Munich High End 2011

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Stephen Mejias  |  May 23, 2011  |  1 comments
Music Hall’s new plug-and-play dac15.2 ($299) has USB, coaxial, and optical inputs and is capable of handling resolutions up to 24-bit/96kHz.

“It’s just fucking amazing,” Roy Hall said simply.

Available this fall.

Stephen Mejias  |  May 23, 2011  |  0 comments
I swear: Music Hall’s Roy Hall was cracking jokes and smiling wide just moments before I snapped this shot.

“Are you enjoying the show?” he had asked.

“Very much. This show has a certain grace and a natural sex appeal that shows in the States seem to lack,” I said.

Roy nodded. “Ah, you get it. So you’re not just a pretty face.”

Then he walked me over to his new MMF-11 turntable (around $4500, including Pro-Ject 10cc carbon-fiber tonearm). First seen in prototype form at January’s Consumer Electronics Show, the 43-lb MMF-11 is a two-motor, flywheel-driven turntable with a thick, acrylic platter, a four-layer plinth, and magnetic feet to further isolate the turntable from vibrations.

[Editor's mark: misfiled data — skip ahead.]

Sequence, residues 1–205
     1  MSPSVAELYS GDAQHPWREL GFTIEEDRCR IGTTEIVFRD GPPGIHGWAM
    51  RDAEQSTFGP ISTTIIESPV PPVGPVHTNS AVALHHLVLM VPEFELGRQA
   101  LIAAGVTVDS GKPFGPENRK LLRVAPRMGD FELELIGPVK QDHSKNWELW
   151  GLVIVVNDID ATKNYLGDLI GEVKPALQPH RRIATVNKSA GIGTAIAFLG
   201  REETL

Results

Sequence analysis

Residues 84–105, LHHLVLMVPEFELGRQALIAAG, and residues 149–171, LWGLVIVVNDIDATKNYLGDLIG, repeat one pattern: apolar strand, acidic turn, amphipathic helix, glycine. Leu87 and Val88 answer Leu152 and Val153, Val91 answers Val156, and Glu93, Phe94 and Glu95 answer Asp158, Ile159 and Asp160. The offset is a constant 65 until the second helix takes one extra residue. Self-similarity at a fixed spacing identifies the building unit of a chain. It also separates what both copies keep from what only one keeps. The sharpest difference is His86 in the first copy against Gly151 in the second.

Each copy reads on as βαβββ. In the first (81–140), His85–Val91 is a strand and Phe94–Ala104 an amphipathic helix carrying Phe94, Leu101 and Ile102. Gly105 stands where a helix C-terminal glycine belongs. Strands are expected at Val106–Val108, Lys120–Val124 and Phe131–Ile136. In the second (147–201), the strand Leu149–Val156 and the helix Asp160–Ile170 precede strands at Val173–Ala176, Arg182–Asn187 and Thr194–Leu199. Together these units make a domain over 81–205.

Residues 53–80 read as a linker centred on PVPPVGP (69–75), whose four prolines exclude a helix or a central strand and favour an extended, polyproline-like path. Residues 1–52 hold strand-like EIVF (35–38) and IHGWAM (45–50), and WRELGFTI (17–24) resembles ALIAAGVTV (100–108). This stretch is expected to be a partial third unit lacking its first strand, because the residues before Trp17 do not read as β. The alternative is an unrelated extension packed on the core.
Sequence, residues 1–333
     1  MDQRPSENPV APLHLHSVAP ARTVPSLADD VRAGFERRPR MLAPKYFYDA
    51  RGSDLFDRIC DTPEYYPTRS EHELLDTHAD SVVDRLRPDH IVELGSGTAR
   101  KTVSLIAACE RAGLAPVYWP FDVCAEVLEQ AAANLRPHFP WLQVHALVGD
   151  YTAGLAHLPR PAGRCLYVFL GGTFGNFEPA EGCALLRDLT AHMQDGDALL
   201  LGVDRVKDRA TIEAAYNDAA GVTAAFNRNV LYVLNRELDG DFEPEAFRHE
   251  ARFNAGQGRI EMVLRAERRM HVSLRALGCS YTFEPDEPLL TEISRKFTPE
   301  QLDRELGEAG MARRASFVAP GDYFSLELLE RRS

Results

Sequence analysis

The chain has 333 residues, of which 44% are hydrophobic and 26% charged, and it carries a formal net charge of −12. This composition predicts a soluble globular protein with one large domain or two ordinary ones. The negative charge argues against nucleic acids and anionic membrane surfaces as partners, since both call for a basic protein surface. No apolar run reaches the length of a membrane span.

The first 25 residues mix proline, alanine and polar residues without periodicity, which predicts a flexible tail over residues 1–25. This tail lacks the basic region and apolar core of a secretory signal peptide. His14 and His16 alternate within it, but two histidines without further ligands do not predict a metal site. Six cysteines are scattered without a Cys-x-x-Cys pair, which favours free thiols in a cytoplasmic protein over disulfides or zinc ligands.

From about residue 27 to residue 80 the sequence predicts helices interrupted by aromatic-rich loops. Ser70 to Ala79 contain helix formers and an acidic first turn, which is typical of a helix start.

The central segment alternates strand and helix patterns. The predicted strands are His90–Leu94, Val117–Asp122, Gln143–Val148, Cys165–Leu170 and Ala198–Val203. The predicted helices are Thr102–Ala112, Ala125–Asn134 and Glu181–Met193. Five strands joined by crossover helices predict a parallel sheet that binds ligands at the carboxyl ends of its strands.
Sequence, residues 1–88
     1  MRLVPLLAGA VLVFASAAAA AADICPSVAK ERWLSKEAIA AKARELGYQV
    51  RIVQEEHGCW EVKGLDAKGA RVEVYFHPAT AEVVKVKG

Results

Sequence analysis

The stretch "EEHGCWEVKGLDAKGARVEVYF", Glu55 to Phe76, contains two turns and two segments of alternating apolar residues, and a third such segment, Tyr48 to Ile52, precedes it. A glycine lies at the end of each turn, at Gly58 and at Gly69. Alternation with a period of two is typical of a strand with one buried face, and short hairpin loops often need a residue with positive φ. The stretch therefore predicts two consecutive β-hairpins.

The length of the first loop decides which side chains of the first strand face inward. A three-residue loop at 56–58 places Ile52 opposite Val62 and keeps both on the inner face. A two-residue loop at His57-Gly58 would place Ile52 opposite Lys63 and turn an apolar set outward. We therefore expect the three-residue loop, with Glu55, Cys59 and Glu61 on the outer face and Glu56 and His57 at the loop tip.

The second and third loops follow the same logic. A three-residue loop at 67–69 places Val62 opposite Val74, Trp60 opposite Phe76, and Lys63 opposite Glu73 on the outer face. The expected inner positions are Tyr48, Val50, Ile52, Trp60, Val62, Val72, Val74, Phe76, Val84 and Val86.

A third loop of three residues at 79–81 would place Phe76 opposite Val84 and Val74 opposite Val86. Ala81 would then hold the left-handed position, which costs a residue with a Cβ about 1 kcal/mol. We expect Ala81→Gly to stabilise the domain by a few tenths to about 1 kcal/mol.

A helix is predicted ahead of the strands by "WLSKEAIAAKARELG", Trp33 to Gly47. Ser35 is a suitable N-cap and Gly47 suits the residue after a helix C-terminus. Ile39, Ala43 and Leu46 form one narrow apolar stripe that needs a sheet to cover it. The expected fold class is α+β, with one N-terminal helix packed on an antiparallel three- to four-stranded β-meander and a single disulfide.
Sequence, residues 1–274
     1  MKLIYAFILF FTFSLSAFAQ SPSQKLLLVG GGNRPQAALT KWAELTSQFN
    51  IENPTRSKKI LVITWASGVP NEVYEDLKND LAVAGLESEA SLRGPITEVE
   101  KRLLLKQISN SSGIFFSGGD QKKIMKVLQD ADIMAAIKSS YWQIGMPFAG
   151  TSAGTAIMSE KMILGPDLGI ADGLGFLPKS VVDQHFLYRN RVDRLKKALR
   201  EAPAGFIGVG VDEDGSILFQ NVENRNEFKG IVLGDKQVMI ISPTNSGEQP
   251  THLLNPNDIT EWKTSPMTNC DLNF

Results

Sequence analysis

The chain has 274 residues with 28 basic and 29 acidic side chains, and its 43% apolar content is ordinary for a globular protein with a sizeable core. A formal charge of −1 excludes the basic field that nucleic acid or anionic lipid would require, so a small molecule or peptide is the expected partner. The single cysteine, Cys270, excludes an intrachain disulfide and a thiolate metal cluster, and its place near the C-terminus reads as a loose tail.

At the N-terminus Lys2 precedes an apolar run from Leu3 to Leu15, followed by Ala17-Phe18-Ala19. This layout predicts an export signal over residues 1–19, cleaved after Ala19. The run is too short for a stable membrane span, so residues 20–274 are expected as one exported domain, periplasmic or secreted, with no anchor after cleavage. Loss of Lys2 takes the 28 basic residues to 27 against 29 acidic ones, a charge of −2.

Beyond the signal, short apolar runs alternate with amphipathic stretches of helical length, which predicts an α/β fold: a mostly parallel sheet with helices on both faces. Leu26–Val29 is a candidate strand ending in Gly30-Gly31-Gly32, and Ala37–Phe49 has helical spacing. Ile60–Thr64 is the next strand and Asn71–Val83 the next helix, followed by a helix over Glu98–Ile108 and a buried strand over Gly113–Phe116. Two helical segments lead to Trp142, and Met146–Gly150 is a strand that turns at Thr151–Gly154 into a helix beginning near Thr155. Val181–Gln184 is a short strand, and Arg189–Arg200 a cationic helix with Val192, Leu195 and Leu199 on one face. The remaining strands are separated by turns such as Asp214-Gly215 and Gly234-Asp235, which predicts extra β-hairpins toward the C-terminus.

“No original ideas here,” Roy quipped.

Stephen Mejias  |  May 20, 2011  |  1 comments
Andy Regan (left) and George Cardas are excited about the current state of hi-fi and music. They strongly believe that the asynchronous technologies found in today’s digital-to-analog converters can erase any negative effects the Compact Disc has had on music and on our enjoyment of music. It’s possible to achieve improved sound quality and enjoy a better overall listening experience by removing the disc from the equation, playing high-quality music files stored on a hard drive.
Stephen Mejias  |  May 20, 2011  |  1 comments
Unfortunately, Jeff Joseph’s shipment of gear was delayed due to a short FedEx strike which occurred in Paris. Joseph was understandably tired and frustrated, but he hadn’t lost his great sense of humor.

“I can still play the speakers,” he said with a straight face.

I thought for a moment that he would employ some powerful new wireless technology; Joseph was an early proponent for computer-based audio.